• The collisions between the gas molecules and between the molecules and the walls of the vessel are completely elastic.
• The motion of the gas molecules is random and continuous. The gas molecules travel in a straight-line motion.
• When the gas density is low; inter-particle attractions are negligible.

The ideal gas assumptions were first recognized by the Dutch scientist Johannes Van der Waals. The two main assumptions that segregate ideal gases from real gases are:

1. The volume of individual molecules of an ideal gas is negligible; they are very small to the point they (individually) occupy no space.
2. The intermolecular attraction between the gas particles is negligible.

Consider a gas sample that is trapped in a compressed tank. As the volume inside the tank decreases, the intermolecular forces between the gas molecules become more significant. This is a direct consequence of compressing the gas molecules and making them close to one another. In this instance the ideal gas law fails; the intermolecular attraction is too significant to neglect. The ideal gas law becomes invalid when:

• The distance between each gas molecule is small; the intermolecular forces become significant when the molecules are close to one another.

Therefore, it can be deduced that the deviations from the ideal gas law occur at high pressures and at low temperatures; when the pressure is high the gas molecules are compressed and the intermolecular forces become too significant to neglect. The reason why the law fails at low temperatures is that the molecules' kinetic energy is severely compromised, which means the molecules travel at a slower pace. The decrease in the velocities of the molecules results in the gas particles being close to one another, which again increases the effect of the intermolecular attractions. Gases with high densities do not behave ideally because of the significant intermolecular forces between their particles.  An error occurred trying to load this video.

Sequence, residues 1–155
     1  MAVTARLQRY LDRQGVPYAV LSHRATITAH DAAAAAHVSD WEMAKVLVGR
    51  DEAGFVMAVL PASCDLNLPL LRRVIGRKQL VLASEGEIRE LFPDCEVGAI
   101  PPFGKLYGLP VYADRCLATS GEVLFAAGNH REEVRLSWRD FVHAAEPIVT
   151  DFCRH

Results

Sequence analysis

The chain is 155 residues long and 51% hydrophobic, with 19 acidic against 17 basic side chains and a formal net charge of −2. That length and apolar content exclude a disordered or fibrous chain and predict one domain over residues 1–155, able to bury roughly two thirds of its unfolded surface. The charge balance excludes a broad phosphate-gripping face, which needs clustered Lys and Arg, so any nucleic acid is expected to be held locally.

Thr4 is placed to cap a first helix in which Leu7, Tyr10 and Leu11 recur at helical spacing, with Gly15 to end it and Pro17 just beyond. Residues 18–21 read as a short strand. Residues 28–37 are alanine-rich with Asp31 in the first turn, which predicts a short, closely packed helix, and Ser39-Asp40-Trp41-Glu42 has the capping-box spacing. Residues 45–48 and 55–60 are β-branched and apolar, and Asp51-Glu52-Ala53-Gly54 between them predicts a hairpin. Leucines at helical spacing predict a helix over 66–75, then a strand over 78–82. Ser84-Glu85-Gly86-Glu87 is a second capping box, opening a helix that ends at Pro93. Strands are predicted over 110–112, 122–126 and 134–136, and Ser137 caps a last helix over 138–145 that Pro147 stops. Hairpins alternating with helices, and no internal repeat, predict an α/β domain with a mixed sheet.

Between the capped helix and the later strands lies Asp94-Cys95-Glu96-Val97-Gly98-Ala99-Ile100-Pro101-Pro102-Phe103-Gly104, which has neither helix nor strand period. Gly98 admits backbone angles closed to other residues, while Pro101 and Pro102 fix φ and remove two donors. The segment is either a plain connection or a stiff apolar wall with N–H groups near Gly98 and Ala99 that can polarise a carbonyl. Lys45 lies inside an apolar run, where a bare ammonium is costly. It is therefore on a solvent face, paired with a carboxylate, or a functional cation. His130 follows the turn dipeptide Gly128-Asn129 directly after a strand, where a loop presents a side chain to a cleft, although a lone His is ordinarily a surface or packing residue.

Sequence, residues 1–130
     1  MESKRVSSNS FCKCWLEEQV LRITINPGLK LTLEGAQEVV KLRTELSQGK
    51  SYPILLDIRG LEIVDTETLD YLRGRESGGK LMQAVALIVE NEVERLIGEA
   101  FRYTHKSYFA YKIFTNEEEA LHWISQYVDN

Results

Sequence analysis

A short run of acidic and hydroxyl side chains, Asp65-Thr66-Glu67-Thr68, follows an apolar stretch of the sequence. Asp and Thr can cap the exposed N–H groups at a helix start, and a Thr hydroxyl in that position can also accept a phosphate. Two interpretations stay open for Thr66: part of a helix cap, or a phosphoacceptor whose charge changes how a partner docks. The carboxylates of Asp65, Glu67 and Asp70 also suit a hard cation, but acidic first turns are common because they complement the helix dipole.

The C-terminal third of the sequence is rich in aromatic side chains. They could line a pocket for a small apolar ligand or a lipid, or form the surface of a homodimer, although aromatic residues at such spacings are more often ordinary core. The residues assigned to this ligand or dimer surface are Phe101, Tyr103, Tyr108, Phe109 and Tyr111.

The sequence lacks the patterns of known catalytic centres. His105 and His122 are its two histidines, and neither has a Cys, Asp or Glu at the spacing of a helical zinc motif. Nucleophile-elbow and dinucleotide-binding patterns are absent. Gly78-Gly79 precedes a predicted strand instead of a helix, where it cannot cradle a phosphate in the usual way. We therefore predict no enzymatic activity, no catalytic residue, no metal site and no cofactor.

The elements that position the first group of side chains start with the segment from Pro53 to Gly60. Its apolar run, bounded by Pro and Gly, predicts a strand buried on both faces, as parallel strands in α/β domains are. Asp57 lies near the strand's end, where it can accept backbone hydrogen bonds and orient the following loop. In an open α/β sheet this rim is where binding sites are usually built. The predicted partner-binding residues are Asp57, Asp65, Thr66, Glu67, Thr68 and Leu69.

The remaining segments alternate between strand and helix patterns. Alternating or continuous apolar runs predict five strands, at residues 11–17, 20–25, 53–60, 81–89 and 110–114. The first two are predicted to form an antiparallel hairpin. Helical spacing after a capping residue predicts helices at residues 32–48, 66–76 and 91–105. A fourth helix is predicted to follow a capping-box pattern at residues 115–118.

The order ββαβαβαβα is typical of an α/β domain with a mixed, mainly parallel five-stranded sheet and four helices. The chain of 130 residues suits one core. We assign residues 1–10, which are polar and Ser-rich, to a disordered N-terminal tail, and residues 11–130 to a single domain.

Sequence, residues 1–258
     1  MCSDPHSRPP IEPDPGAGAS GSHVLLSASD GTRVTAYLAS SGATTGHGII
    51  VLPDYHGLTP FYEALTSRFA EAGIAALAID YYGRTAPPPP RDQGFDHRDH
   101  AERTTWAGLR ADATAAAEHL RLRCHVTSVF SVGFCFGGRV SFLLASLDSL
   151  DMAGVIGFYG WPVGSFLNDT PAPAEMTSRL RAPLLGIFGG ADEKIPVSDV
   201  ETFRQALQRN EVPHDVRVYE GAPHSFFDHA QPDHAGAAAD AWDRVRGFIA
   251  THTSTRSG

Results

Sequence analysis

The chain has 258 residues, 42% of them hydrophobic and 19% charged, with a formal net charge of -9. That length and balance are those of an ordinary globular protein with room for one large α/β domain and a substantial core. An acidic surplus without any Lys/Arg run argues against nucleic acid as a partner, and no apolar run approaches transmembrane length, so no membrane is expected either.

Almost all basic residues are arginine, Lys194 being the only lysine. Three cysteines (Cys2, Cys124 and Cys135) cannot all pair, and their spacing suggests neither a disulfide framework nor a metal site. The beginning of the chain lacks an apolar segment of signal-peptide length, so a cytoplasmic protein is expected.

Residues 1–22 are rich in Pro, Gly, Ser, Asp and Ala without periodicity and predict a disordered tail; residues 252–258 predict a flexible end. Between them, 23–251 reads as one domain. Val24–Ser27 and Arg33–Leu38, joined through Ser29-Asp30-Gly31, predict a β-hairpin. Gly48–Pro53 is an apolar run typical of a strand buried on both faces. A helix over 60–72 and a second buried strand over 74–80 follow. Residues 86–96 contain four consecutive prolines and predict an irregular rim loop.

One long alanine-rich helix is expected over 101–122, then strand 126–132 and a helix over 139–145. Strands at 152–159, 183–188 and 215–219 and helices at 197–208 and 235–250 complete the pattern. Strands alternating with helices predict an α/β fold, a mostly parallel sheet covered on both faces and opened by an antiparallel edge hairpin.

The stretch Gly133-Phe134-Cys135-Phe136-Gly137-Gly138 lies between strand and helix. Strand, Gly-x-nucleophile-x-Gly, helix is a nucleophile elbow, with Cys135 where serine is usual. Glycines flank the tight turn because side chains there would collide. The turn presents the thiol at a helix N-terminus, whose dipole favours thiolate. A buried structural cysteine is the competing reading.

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Coming up next: Real Gases: Using the Van der Waals Equation

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• 0:07 The Ideal Gas Law
• 2:04 Gas Behavior Assumptions
• 4:17 The van der Waals Equation
• 6:18 Lesson Summary
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#### What are the main characteristics of an ideal gas?

The main characteristics of ideal gases are the following:

• The intermolecular attraction between the gas particles is negligible because the distance between the gas molecules is very large.
• The individual molecules occupy no volume in space.
• The particle-particle collisions and the particle-container collisions are elastic.
• Gas molecules are at constant random motion. They travel in a straight line.

#### Why are real gases not ideal?

Real gases deviate from the ideal gas behavior for the following reasons:

• The volume of the individual gas molecules cannot be neglected. The individual gas molecules occupy an actual volume in space.
• The inter-particles' attractive and repulsive forces are significant and cannot be overlooked.

Gases deviate from the ideal behavior at high pressures, low temperatures, and high densities.